Seattle Mayor Ed Murray wants to spend as much as $6.5 million in the coming years to make the first year of community college free to graduates of some city high schools.
The city of Seattle could spend as much as $6.5 million in the coming years to expand a program that promises students who graduate from certain public high schools a free year of community college.
The 13th Year Promise Scholarship Program, as it is called, gives students a first free year of community college, regardless of family income. It also provides support services to help them academically during their first year.
The program has been offered for several years to graduates of three Seattle high schools — Cleveland, Chief Sealth International and Rainier Beach — to attend South Seattle College.
Under the proposed expansion, students who graduate from West Seattle High starting in 2018 can also get a first year free at South Seattle College.
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In addition, Seattle Central and North Seattle College will each begin offering a free first year of college to the graduates of one high school located nearby. The high schools that will be added to the program haven’t yet been identified, community-college officials said.
The city will spend $750,000 in 2017, and another $750,000 in 2018, to help with operational costs to expand the program. That money is included in the city’s general- fund budget.
The program would expand still further, with an additional, one-time $5 million investment, if Seattle Mayor Ed Murray’s proposed two-cents-per-ounce tax on sugar sweetened beverages is approved by the City Council. That money would be placed in an endowment to cover tuition costs for future students.
If the soda tax passes, it would mark the first time that a government agency has put money into the 13th Year scholarships. Up to this point, the $7.6 million that has supported the scholarships has been raised privately through the South Seattle College Foundation.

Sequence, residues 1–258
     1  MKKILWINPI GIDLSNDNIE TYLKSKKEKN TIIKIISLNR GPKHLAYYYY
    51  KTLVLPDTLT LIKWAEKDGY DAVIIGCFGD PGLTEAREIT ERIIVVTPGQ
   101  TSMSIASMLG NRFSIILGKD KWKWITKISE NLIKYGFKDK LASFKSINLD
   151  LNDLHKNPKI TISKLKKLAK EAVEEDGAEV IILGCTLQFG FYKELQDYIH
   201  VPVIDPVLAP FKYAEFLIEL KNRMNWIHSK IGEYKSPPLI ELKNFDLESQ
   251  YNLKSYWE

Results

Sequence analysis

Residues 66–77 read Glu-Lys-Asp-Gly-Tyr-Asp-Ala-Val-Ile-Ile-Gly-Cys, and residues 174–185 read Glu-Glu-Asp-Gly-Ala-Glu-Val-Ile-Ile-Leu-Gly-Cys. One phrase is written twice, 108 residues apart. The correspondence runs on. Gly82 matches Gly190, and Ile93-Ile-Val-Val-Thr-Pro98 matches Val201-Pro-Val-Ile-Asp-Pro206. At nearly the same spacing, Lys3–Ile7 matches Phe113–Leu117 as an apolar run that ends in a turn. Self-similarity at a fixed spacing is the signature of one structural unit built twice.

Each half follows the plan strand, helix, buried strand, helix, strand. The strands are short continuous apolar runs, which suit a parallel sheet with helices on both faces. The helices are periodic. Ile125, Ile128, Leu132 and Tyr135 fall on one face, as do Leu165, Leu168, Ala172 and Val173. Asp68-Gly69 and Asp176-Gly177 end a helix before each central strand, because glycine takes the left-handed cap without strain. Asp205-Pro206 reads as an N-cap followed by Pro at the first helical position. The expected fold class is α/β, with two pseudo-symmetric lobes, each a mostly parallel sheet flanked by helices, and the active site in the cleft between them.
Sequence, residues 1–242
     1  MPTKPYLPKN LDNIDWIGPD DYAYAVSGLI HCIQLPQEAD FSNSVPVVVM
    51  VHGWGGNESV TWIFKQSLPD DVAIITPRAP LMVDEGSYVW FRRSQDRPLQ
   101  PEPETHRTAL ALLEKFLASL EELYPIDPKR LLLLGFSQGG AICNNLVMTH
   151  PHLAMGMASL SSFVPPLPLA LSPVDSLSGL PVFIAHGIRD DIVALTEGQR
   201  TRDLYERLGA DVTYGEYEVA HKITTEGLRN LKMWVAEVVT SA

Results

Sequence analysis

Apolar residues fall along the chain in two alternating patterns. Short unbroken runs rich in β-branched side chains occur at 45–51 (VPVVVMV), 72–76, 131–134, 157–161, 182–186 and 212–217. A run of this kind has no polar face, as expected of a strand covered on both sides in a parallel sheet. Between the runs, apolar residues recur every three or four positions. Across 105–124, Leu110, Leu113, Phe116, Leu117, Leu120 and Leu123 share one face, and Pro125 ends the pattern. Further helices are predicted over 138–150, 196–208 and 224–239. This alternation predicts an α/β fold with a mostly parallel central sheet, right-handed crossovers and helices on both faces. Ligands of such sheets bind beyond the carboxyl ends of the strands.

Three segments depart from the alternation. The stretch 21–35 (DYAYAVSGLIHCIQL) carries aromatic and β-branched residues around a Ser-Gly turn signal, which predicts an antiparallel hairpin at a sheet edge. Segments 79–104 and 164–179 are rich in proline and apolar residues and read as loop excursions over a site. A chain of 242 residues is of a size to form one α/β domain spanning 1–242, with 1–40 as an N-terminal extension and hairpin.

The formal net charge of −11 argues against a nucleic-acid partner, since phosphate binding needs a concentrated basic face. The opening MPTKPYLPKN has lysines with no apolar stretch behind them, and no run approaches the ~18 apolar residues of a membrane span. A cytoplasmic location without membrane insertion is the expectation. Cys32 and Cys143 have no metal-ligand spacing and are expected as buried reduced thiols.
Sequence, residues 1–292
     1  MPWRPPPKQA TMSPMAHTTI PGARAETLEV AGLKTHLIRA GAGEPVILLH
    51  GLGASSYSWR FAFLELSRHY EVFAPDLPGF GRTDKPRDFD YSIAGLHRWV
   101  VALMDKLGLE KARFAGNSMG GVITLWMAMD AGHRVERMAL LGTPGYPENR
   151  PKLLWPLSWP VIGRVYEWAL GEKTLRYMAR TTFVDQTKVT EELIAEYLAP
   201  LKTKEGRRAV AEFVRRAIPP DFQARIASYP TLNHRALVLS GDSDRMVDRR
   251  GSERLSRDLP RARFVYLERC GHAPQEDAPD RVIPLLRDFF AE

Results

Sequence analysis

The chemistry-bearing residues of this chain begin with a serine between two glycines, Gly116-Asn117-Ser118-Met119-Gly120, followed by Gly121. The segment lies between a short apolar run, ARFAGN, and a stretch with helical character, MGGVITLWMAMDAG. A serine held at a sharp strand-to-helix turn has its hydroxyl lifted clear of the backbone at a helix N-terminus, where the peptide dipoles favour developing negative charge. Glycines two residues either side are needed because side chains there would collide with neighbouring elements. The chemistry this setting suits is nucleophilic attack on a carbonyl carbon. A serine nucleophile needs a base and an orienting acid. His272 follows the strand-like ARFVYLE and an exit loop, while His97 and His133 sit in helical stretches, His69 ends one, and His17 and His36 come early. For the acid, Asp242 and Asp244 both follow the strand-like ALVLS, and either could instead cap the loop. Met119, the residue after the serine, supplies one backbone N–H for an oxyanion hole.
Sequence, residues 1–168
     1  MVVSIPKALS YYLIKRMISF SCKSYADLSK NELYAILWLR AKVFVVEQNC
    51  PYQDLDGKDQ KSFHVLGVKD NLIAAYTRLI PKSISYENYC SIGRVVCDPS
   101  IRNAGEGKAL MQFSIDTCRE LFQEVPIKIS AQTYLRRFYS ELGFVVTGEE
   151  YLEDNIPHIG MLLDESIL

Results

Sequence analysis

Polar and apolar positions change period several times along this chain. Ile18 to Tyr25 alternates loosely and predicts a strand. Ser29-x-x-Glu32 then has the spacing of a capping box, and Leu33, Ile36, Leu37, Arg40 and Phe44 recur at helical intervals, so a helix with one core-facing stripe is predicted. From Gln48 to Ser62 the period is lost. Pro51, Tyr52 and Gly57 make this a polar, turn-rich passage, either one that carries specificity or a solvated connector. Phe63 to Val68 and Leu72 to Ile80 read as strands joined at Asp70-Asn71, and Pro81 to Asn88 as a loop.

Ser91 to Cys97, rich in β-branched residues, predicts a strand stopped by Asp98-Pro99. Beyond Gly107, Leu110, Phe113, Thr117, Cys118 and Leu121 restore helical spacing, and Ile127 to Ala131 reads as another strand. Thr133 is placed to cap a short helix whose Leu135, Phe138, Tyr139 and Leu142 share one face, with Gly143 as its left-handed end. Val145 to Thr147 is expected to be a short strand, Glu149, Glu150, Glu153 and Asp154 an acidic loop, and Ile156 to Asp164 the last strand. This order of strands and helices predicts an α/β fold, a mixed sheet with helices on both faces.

The scholarship program was inspired by research from the Washington State Board for Community and Technical Colleges, which shows that high-school graduates who attain a year of college reach a “tipping point” in their educations that allows them to earn a living-wage job. Finishing a first year often also encourages them to continue their educations.
The program has served more than 500 students since it began in 2008, according to data collected by South Seattle College.
The college says it enrolls about 25 percent of the graduating class of the high schools now participating each year. In 2018, it expects to reach about 50 West Seattle High graduates.
In a survey, 60 percent of students who participated said they were the first in their family to attend college, and 50 percent said they would not have attended college if not for the scholarship.
The students participating in the program were twice as likely to complete a degree or certificate as students who were not part of the 13th Year Promise program.
The program reached a diverse group of students; 24 percent of those participating were black or African American, 24 percent were Asian-American or Pacific Islander, and 15 percent were Hispanic/Latino.
This story, originally published Feb. 24, has been corrected to include the correct name of the South Seattle Community College Foundation, and to indicate that students participating in the 13th year program were twice as likely to complete a degree or certificate.